Naval History and Heritage Command

National Museum of the U.S. Navy

1941:  December 8 to 1942: May 06:  Battle of the Philippines

In strategic terms, the Japanese looked at the Philippines as a strategic part of wartime expansion.  The island's resources and the elimnation of General Douglas A. MacArthur's Far Eastern Air Force were the prime objectives, thus allowing their expansion in the area without the fears of aerial attacks.   The Japanese invasion on the islands was multi-pronged in order to secure the airstrips and support the ground offensives.  Besides the main force being landed at Lingayen Gulf, the Japanese landed at Formosa, Luzon, and Palaus, with the main objective of capturing Manila.    Commanding the Asiastic Fleet in Manila was Admiral Thomas C. Hart, USN, who departed to Java in mid-January 1942.  Replacing Hart's command would be the American-British-Dutch-Australian Command (ABDA), led by Dutch Admiral Conrad Helfrich, RNN.  The Navy's warship presence to defend the islands consisted of the Asiatic Fleet (Task Force 5), commanded by Rear Admiral William A. Glassford, USN.   Though the U.S. Navy force consisted of cruisers, an airplane tender, destroyers, and some oilers, along with twenty-nine submarines, they did not hamper the Japanese advance.   Rear Admiral Glassford returned to the United States later that month, leaving Rear Admiral Francis W. Rockwell to command through the Battle of Bataan.  General Douglas W. MacArthur, USA, departed on March 11, via torpedo boats, and General Jonathan W. Wainwright, USA, commanded the remaining American forces.  Despite brave fighting at Corregidor, General Wainwright surrendered on May 6, ending the Philippine Campaign.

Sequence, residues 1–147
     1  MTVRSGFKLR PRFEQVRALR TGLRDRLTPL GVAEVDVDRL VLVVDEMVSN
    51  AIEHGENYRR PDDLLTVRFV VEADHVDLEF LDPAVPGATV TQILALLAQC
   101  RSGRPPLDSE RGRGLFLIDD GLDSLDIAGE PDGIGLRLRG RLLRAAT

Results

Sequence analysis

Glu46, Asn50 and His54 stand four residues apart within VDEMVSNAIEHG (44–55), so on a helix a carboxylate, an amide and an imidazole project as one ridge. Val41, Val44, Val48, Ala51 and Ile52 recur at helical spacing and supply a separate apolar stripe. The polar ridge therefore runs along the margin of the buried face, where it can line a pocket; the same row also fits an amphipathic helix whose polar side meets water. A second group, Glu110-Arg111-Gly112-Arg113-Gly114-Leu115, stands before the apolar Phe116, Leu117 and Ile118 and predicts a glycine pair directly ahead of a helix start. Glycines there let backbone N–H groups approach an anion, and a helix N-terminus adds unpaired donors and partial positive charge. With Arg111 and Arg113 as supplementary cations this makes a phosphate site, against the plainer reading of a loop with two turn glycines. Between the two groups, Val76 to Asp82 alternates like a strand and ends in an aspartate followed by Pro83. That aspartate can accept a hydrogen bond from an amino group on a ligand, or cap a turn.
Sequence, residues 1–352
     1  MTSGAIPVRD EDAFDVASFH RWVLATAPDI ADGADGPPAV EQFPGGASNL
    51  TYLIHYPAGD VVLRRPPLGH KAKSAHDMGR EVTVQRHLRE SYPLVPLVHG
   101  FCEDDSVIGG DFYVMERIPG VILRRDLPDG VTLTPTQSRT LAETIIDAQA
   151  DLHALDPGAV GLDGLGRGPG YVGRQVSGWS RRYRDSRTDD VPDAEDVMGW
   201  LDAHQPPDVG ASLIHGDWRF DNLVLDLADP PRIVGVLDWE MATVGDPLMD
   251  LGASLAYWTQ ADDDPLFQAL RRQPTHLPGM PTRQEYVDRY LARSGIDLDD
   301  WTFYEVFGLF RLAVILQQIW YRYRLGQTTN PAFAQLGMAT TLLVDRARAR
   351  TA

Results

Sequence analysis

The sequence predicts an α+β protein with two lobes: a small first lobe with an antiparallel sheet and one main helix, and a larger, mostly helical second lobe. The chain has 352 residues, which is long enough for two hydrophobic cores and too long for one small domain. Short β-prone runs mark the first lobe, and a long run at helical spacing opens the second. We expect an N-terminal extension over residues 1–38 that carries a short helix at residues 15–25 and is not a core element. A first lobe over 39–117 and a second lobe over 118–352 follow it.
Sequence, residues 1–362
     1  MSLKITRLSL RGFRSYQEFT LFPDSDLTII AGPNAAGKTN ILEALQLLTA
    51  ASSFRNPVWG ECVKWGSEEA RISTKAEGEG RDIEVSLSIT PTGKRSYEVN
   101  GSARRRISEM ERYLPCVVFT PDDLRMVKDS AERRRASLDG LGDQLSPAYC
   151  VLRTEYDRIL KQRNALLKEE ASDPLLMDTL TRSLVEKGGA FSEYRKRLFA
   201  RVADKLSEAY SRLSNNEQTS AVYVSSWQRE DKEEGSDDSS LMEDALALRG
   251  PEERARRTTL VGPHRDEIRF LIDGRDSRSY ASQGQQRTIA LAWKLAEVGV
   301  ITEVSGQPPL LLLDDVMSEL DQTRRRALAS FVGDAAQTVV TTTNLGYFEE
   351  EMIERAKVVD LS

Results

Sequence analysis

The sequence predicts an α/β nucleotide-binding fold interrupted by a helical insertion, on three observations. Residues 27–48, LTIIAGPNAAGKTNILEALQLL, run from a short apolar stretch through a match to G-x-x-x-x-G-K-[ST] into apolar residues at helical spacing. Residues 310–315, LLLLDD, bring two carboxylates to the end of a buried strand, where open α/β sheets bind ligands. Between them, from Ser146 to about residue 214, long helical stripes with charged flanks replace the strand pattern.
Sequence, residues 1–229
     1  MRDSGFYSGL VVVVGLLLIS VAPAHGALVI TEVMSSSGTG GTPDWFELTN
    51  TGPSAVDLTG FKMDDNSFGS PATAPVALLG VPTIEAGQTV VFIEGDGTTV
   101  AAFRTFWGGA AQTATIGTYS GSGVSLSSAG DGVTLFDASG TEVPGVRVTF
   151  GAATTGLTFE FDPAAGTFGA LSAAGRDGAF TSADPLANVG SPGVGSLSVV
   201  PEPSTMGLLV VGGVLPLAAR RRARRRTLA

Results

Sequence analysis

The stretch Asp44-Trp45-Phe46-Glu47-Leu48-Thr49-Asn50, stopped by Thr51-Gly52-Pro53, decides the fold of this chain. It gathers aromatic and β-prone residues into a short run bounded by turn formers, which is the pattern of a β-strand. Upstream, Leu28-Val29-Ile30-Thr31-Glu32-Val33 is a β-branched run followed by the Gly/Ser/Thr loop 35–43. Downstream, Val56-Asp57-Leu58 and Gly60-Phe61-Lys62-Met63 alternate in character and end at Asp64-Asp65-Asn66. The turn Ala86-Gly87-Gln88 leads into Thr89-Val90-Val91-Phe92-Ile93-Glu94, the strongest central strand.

Image:  NH 73521:  Philippine Invasion, 1941-42.  Japanese map of operations against the Bataan Peninsula, 1942.  U.S. Naval History and Heritage Command Photograph.